Video_2_3D Reconstruction of the Clarified Rat Hindbrain Choroid Plexus.MP4 (2.8 MB)
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Video_2_3D Reconstruction of the Clarified Rat Hindbrain Choroid Plexus.MP4

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posted on 29.07.2021, 13:20 by Paola Perin, Riccardo Rossetti, Carolina Ricci, Daniele Cossellu, Simone Lazzarini, Philipp Bethge, Fabian F. Voigt, Fritjof Helmchen, Laura Batti, Ivana Gantar, Roberto Pizzala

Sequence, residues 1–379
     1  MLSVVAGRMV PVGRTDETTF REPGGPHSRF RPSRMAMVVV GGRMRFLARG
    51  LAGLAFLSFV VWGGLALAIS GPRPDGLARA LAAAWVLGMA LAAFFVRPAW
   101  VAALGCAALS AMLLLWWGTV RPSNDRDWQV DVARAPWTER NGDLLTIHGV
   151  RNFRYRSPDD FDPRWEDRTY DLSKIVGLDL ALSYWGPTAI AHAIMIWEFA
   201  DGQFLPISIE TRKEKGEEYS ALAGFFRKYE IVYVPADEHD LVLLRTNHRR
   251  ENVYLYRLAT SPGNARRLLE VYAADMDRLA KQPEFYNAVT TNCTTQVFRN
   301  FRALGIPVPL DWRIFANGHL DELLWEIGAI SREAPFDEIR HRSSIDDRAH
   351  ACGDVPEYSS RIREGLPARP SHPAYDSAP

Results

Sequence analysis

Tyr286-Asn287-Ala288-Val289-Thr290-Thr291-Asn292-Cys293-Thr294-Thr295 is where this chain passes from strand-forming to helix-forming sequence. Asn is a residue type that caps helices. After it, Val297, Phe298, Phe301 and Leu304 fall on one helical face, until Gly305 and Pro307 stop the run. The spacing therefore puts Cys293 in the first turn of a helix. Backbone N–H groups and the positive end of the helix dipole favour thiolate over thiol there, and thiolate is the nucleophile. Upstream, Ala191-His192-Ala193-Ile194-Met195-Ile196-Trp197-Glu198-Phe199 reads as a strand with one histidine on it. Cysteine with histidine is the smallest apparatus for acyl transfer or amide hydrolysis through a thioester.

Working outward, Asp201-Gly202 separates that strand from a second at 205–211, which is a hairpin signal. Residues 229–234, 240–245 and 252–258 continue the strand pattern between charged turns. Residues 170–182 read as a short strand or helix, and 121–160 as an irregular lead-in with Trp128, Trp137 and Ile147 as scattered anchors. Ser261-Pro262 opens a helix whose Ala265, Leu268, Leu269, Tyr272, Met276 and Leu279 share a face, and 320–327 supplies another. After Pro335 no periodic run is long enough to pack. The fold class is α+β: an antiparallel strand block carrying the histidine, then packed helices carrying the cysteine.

The choroid plexus (CP) acts as a regulated gate between blood and cerebrospinal fluid (CSF). Despite its simple histology (a monostratified cuboidal epithelium overlying a vascularized stroma), this organ has remarkably complex functions several of which involve local interaction with cells located around ventricle walls. Our knowledge of CP structural organization is mainly derived from resin casts, which capture the overall features but only allow reconstruction of the vascular pattern surface, unrelated to the overlying epithelium and only loosely related to ventricular location. Recently, CP single cell atlases are starting to emerge, providing insight on local heterogeneities and interactions. So far, however, few studies have described CP spatial organization at the mesoscale level, because of its fragile nature and deep location within the brain. Here, using an iDISCO-based clearing approach and light-sheet microscopy, we have reconstructed the normal rat hindbrain CP (hCP) macro- and microstructure, using markers for epithelium, arteries, microvasculature, and macrophages, and noted its association with 4th ventricle-related neurovascular structures. The hCP is organized in domains associated to a main vessel (fronds) which carry a variable number of villi; the latter are enclosed by epithelium and may be flat (leaf-like) or rolled up to variable extent. Arteries feeding the hCP emerge from the cerebellar surface, and branch into straight arterioles terminating as small capillary anastomotic networks, which run within a single villus and terminate attaching multiple times to a large tortuous capillary (LTC) which ends into a vein. Venous outflow mostly follows arterial pathways, except for the lateral horizontal segment (LHS) and the caudal sagittal segment. The structure of fronds and villi is related to the microvascular pattern at the hCP surface: when LTCs predominate, leaflike villi are more evident and bulge from the surface; different, corkscrew-like villi are observed in association to arterioles reaching close to the CP surface with spiraling capillaries surrounding them. Both leaf-like and corkscrew-like villi may reach the 4th ventricle floor, making contact points at their tip, where no gap is seen between CP epithelium and ependyma. Contacts usually involve several adjacent villi and may harbor epiplexus macrophages. At the junction between medial (MHS) and lateral (LHS) horizontal segment, arterial supply is connected to the temporal bone subarcuate fossa, and venous outflow drains to a ventral vein which exits through the cochlear nuclei at the Luschka foramen. These vascular connections stabilize the hCP overall structure within the 4th ventricle but make MHS-LHS joint particularly fragile and very easily damaged when removing the brain from the skull. Even in damaged samples, however, CP fronds (or isolated villi) often remain strongly attached to the dorsal cochlear nucleus (DCN) surface; in these fronds, contacts are still present and connecting “bridges” may be seen, suggesting the presence of real molecular contacts rather than mere appositions.

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